What exactly makes modal logic intensional? In what follows, for illustration, I will focus on propositional modal logic (MPL).
I know that the modal operators in MPL are intensional since the truth values of modal formulas depends not only on the actual world but on all relevant possible worlds. Formulas whose main operator is "necessity" are true iff they are true in all possible worlds (accessible from our world). Formulas whose main operator is "possibility" are true iff they are true in at least one possible world (accessible from our world).
Moreover, the truth values of non-modal formulas in MPL are assigned per possible world. Each non-modal formula gets an interpretation and a valuation per each possible world in the model.
Now, my question is: is MPL intensional in virtue of (i) its modal operators or (ii) both its modal operators and non-modal formulas? In other words: would MPL still be intensional if we removed the modal operators from it but otherwise keep the semantics unchanged?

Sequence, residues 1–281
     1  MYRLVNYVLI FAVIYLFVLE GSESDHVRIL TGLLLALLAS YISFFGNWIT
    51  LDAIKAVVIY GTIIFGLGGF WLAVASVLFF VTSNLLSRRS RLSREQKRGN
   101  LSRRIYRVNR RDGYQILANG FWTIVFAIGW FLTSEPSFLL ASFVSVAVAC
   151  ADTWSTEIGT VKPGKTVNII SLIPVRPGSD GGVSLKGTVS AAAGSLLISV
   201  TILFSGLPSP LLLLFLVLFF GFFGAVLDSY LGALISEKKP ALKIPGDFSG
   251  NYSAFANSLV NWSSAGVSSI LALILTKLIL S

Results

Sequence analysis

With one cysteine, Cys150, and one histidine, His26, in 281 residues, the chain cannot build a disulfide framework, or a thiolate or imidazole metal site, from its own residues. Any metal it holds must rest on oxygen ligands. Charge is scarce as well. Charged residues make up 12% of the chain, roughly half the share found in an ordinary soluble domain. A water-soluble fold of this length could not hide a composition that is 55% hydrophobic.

Another way to put my point is: Consider a logic that is exactly like MPL, except without modal operators (call this logic pseudo-modal). Pseudo-modal logic would still be evaluated using a model M = <worlds, accessibility relation, interpretation function>; however, its vocabulary would be the vocabulary of plain propositional logic. Would pseudo-modal logic be intensional? If so, in virtue of what?
Pseudo-modal logic would evaluate formulas per possible world (just like MPL). However, it would not have any formulas that are evaluated across all accessible possible worlds (i.e., formulas whose main operator is modal). Thus, would it not be the case that, in pseudo-modal logic, the extensions of the atoms evaluated per possible world fully determine the truth values of all other formulas? If so, wouldn't pseudo-modal logic be extensional instead of intensional?